Bookmark   October 19, 2010 at 9:19AM
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I don't really have much to add to this conversation. Things have been explained very nicely.

In your climate (southern US), the winters don't present much of a challenge. Just find a cool, dry spot for your cactuses and they will be fine when spring arrives.

However, the summertime can be a challenge. When you combine the heat, humidity, hot nights and frequent rain of a typical Georgian summer, it may be too much for most cactuses to handle if they are outdoors exposed to it all.

You need a strategy whereby your plants can tolerate these conditions. Let us know what you may have in mind and we can then give you some further advice.


    Bookmark   October 19, 2010 at 1:01PM
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Awesome answer MC Harris! Your answer is precisely why this forum is better than a book.

It is reassuring to know if I see them dehydrate this winter I shouldn't panic.

My books say minimum temperature for some of my cactus is 55 degrees F. Does that seem right to you? Thx.

    Bookmark   October 19, 2010 at 9:06PM
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I don't know about Lemairocereus, but the others on your list tolerate temperatures down to freezing and temporarily a few degrees lower. Cacti don't like to be alternately frozen and thawed, it stresses the plants, so most growers keep their plants above freezing. Some species are more sensitive and should preferably be kept at around 55-60F, but that it mostly Melocactus and other cacti from more tropical areas. For reasons I don't fully understand some books recommend minimum temperatures much higher than the actual values. But as I wrote earlier, it depends on humidity too. Cacti die more often from disease during long periods with high humidity, even at a "safe" temperature.

    Bookmark   October 20, 2010 at 2:21AM
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The reason books give high temperature recommendations is that the growers who provided the input did not expose their valuable or rare plants to cold conditions for fear that their plants are at risk.

I feel rather confident that prior to our current knowledge of root systems and soil physics, many growers were using peat in high amounts which weakened their collections. The result, not unlike what newbies experience here, was sudden rot when conditions weren't suitable. But they did not understand why the plants suffered and placed the blame on cold temperatures, excess watering, inadequate drainage, and other things that we know better today are not necessarily at fault.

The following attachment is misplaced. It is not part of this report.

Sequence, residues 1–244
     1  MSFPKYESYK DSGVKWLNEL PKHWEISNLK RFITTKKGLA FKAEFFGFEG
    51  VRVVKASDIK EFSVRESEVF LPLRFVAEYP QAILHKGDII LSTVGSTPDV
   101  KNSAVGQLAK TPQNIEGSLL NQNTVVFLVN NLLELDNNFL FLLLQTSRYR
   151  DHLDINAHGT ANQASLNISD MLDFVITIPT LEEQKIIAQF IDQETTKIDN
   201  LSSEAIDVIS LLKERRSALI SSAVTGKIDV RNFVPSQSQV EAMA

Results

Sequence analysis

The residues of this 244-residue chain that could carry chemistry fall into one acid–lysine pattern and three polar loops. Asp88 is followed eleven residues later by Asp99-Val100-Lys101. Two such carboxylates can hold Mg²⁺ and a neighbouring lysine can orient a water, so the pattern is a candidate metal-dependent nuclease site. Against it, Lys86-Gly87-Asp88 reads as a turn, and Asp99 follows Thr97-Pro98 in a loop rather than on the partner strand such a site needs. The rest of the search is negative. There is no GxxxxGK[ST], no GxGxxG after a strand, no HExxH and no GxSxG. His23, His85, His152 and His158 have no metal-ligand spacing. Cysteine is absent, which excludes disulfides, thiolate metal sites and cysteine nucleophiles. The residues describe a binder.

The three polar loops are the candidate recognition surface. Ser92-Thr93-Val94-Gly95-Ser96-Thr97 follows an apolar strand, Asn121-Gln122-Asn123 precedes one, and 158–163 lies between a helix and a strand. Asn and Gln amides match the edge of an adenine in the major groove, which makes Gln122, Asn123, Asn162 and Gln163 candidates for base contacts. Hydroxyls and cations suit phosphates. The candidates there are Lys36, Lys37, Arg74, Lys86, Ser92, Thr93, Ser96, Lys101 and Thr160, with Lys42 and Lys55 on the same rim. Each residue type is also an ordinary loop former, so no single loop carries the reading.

Bookmark   October 20, 2010 at 8:56AM
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If a hard freeze is predicted I bring in most of the cacti/succulents, just because, like you I'm in the south and the plants don't acclimate to cold. It's close to 90 right now. We go from 90 to 20 in a couple of hours. And I've found, growing in pots, they don't have the root protection of the ground. A light freeze, one lasting a couple of hours I leave most, if not all of them out, there are a few that are more sensitive to cold. The rain is more of a problem, those cold dreary rainy days that seem to last for a month.

Like X said summers are more of a problem. To solve the problem here, where humidity is rarely below 90% and monsoon type rains are common, I grow the majority of my collection in pots, with my own blend, on the roof of the porch. Full sun all day, wind (and salt spray) are pretty consistant which dries out the plants, plus it's a black asphalt roof. I have to water the cactus out there but they don't, as a rule, rot. There are some in the ground-the dirt here is little more than fast draining sand.
Tally HO!

    Bookmark   October 20, 2010 at 12:12PM